Power and punishment

Power makes people judge more harshly

Man shouting
People in power judge more harshly the same wrongdoing than people without power would

Often, junior employees in an organisation feel surprised when a supervisor reacts so sharply to a subordinate’s seemingly minor transgression. On the other hand, the supervisor who punishes them seems to be absolutely sure that the punishment was right.

Scott Wiltermuth and Francis Flynn, two researchers from two reputed business schools, have discovered that having a sense of power promotes a black-or-white sense of right and wrong [especially wrong]. There are no greys, “this is wrong and in no way can it be right”. This moral “clarity” makes powerful people perceive wrongdoing with much less ambiguity than people lacking this power, and they punish apparent wrong-doers with more severity than people without power would.

Wiltermuth and Flynn set up four experiments in which they made some individuals feel powerful—giving them the discretion to control resources and give rewards or punishments. When presented with instances of transgressions, the powerful participants were more likely to decide “yes, the behaviour is immoral,” or “no, it is not immoral”.

Very limited number of powerful people answered “it depends,” the more popular answer among the less powerful. Because of this certainty that power brought along, the participants felt that the transgressions deserved harsher punishments.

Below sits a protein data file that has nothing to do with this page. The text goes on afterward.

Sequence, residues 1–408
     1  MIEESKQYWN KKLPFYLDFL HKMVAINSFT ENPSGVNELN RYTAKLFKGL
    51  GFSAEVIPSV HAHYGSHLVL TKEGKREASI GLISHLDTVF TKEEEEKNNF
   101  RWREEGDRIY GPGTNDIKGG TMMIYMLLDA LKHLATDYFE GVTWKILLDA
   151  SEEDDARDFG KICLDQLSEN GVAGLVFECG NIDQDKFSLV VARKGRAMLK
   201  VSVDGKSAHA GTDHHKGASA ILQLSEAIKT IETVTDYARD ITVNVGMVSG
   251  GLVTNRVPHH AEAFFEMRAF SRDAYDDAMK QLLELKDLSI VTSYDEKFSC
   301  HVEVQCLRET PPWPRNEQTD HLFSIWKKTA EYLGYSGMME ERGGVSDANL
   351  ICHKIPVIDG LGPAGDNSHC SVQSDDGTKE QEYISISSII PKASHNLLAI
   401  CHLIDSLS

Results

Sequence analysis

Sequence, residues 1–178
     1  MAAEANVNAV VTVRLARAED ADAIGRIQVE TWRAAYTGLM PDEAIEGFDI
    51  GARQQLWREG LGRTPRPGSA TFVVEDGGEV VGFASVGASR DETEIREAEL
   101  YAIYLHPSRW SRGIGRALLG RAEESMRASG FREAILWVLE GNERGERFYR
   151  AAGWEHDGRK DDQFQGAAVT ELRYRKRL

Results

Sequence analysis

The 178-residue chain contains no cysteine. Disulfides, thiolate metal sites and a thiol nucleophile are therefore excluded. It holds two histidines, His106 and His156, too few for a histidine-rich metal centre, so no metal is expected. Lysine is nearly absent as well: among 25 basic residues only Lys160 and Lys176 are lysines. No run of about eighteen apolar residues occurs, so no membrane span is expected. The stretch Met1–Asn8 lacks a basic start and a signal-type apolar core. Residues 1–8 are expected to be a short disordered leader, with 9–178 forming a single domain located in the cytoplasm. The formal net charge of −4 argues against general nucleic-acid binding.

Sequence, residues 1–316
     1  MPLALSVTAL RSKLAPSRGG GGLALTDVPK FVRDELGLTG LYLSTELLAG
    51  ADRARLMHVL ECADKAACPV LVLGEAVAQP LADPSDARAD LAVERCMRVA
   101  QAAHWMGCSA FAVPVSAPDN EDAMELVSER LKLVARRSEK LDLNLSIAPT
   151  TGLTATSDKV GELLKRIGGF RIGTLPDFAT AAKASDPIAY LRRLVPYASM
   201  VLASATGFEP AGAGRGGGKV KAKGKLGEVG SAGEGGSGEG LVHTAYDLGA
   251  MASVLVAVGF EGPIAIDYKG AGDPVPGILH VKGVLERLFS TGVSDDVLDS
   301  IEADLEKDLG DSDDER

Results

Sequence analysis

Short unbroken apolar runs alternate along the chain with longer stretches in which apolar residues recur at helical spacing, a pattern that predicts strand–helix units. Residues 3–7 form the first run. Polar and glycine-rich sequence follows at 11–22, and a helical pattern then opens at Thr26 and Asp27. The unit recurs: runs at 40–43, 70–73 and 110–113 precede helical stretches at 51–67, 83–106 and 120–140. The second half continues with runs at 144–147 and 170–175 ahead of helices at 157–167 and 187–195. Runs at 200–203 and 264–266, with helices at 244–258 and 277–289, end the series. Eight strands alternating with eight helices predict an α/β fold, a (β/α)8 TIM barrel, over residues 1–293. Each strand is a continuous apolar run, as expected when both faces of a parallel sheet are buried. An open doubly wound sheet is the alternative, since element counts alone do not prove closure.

Also, moral clarity was clearly connected to delivering punishments than administering bonuses for good behaviour. “Our findings do not imply that having this moral clarity leads people to obtain power. Rather, the findings imply that once you obtain power you become more likely to see things in black-and-white,” Wiltermuth,USC Marshall School of Business assistant professor of management and organization, said.

This association of power, moral clarity and punishment can lead to quite a few problems in the private and public sector companies, Wiltermuth warned. People without power could protest against a manager’s decisions and that can erode the manager’s authority and ability to operate.

The research signals unforeseen challenges that managers will face as they come to hold more and more power. This research report appears in a forthcoming issue of the Academy of Management Journal.



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